Gross dollar volumes have been growing at a consistent 15% to 20% annually, reaching $550 billion in 1996. Operating margins have improved, and MasterCard under Mr. Lockhart completed several deals that could leave a lasting legacy.
Among them was the recent acquisition of 51% ownership of Mondex International, the smart-card-based electronic cash venture started by National Westminster Bank of London.
Mr. Lockhart, with Mr. Selander playing a key role, renewed and reinvigorated MasterCard's alliance with Europay International and reached an agreement with British banks to convert their seven million Access credit cards to the MasterCard brand.
Mr. Selander said it is shortsighted to focus on conventional credit and charge card market shares when the payments business-and the real opportunity for MasterCard and Visa-is in displacing cash and checks worldwide.
"We're dealing in a market that is virtually untapped," he said. "The global payments industry is enormous. We have a huge upside opportunity to grow our business, and we're strongly positioned to do that."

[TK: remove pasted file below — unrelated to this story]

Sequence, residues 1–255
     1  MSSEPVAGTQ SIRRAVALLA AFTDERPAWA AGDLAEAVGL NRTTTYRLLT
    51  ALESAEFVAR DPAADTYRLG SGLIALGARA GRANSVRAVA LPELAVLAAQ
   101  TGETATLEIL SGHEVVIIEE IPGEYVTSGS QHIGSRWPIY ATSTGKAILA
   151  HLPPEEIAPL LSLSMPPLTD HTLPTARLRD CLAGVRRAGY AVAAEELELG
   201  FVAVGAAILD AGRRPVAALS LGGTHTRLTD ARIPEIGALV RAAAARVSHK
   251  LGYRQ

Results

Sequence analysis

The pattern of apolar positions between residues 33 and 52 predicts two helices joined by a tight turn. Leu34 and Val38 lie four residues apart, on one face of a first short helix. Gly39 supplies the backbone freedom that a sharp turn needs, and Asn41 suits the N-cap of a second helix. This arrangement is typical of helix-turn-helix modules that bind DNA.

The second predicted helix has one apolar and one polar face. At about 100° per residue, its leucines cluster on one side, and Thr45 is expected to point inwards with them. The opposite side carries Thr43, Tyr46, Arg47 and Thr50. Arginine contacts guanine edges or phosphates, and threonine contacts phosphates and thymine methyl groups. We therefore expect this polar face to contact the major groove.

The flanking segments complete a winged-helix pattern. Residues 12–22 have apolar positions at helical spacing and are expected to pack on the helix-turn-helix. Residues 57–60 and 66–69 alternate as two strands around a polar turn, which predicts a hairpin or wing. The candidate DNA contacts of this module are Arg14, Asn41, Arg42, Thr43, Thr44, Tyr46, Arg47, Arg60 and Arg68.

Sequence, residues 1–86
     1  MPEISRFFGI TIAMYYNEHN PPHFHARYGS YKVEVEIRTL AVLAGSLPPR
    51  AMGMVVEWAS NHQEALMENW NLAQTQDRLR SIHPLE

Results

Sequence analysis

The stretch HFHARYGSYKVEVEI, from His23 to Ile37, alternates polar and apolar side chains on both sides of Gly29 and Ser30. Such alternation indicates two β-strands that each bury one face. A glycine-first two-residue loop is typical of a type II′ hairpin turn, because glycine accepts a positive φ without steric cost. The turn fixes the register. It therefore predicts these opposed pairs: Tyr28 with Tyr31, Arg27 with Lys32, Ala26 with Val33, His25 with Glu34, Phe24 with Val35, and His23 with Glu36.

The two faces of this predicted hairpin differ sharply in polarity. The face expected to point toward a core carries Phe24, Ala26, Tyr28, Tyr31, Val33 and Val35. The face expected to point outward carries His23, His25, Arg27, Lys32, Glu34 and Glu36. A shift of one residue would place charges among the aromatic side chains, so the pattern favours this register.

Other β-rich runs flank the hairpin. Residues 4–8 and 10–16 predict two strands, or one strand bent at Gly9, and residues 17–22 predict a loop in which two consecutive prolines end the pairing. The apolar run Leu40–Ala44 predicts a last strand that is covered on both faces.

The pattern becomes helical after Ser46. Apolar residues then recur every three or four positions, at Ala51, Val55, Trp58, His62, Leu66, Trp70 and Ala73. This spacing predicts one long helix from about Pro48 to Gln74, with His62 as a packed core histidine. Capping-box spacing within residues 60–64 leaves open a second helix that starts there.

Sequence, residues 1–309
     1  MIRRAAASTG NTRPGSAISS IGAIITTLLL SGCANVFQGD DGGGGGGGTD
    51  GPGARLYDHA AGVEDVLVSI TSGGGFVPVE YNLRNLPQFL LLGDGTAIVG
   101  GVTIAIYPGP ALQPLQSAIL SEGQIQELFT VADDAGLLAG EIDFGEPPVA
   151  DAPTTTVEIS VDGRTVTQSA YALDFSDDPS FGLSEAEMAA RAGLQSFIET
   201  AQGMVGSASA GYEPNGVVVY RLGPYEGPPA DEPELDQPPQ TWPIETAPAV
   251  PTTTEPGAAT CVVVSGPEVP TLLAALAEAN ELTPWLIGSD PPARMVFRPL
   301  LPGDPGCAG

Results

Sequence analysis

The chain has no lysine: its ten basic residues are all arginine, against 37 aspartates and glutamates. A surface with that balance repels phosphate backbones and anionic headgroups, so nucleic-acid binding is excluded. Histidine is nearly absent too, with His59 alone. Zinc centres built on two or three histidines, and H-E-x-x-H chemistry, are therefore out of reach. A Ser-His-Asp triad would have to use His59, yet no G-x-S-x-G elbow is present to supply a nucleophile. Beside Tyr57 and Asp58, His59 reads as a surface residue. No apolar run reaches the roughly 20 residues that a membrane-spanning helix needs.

Visa International president and chief executive officer Edmund Jensen agreed that the opportunity is immense, with Visa's current share of personal consumption expenditures at just 5%.
"It's a matter of competing with cash and checks and making sure our members are the ones sustaining their position in the payments system," he said. "I think that's important and a common goal that both associations have."
Most bankers agree it is in their best interest that MasterCard and Visa be vigorous and aggressive competitors, said Mr. Shanahan, the New York consultant.
"It's important to be healthy and vital-you can't be if you lose market share," he added. "They have to turn it around, and that's not easy to do. It takes a long time to shift, unless you go for the big hit like Pete Hart did with cobranding."
If MasterCard has an edge over its direct competition, it is in Europe, with the help of Europay. To show how important Europay is to MasterCard, Louis-Noel Joly, president and CEO of the Brussels-based organization, said Mr. Lockhart called him every step of the way in recent weeks while he was making his decision to leave.